Higher into the timber, hands and knees at times to prevent himself slipping backwards on the steep snow, belly low to the ground, glad his parka blended reasonably well with the surroundings, if not quite as well as the snow camouflage he was certain concealed his opponent. Had to gain the advantage, the high ground, and it was difficult to do when he had no solid idea of where the men might have gone, but he would find them.
Tracks. He hadn’t expected to find tracks up this high, had been sure he must by then be above them but clearly they’d gone on before him--two men, one heavier and taller than the other but both carrying packs, traveling on snowshoes to prevent their sinking too deeply into the snow calling for more speed on his part if he was to place himself between the enemy and the cabin, which he absolutely must do. Must not follow their trail too closely, though, as he knew it was likely an ambush, a trap, tracks left where they knew he’d find them in the hopes of drawing him in and allowing him to be taken with little risk to the invaders, just as he had intended on doing with them. How had it happened? How had he lost not only the high ground to these two strangers, but most of his advantage, as well, almost as if they’d been there before?
No time for why. Not now. Time only to move, seek, and destroy. They were, no doubt, attempting to double back on him by now if they knew he was there, and he couldn’t allow it. Took off at nearly a right angle from the line of tracks, working his way through some of the heaviest timber he could find and not getting another look at those tracks until he was up nearly at the level of the overlook, which, much to his dismay, appeared to be their destination. Not good. He could still work his way in above them and get the shot he so badly needed, but at this point it meant keeping himself below the rim of the overlook--a fragmented landscape of nearly sheer cliffs, icy, uncertain--until he reached the timber on its far side and allowing them to be up there above him the entire time, waiting, listening, perhaps, to his struggle and popping over the edge, if they chose, to take him, shoot him, drop him seventy five feet to the waiting rocks below. If his own weakness and lack of coordination didn’t do it to him, before they ever had the opportunity.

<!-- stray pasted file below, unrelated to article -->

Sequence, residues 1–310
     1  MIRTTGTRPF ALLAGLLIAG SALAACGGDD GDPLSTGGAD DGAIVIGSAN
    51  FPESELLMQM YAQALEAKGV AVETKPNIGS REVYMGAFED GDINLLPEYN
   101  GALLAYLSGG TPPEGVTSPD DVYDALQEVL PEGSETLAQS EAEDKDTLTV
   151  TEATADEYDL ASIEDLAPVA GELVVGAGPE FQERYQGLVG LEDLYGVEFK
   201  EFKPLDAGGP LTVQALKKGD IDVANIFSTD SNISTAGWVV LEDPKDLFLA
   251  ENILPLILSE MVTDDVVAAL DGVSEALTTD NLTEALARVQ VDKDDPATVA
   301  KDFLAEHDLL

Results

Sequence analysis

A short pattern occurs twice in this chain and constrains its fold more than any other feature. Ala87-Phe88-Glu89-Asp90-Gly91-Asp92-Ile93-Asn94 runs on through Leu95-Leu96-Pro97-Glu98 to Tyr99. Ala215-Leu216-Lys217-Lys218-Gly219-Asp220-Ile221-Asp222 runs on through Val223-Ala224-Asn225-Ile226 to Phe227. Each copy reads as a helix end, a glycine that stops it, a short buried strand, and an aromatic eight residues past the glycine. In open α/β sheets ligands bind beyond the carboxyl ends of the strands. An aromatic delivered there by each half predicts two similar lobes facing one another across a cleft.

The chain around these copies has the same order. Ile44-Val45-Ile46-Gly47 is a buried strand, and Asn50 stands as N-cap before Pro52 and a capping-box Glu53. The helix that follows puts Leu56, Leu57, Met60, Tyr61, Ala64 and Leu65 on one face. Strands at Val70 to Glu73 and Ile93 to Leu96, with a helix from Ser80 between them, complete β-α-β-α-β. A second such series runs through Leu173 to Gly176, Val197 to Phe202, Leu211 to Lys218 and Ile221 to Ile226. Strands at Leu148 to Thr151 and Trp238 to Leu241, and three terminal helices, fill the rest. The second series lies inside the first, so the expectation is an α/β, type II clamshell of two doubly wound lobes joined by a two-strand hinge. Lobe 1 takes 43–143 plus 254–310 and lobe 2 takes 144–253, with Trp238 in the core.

Enough. Got no other choice. No better choice, and you better make it quick, too, because if they aren’t busy setting up an ambush as you expect, they may well be halfway to the cabin by now, and you pretty nearly too late. And he was doing it, leaving the timber to venture out onto a narrow ledge of rock which stretched nearly horizontal but very icy out across the cliff face, edging his way forward with hands gripping roots and rock spurs and jammed into icy crevices for purchase, body arching out over the abyss.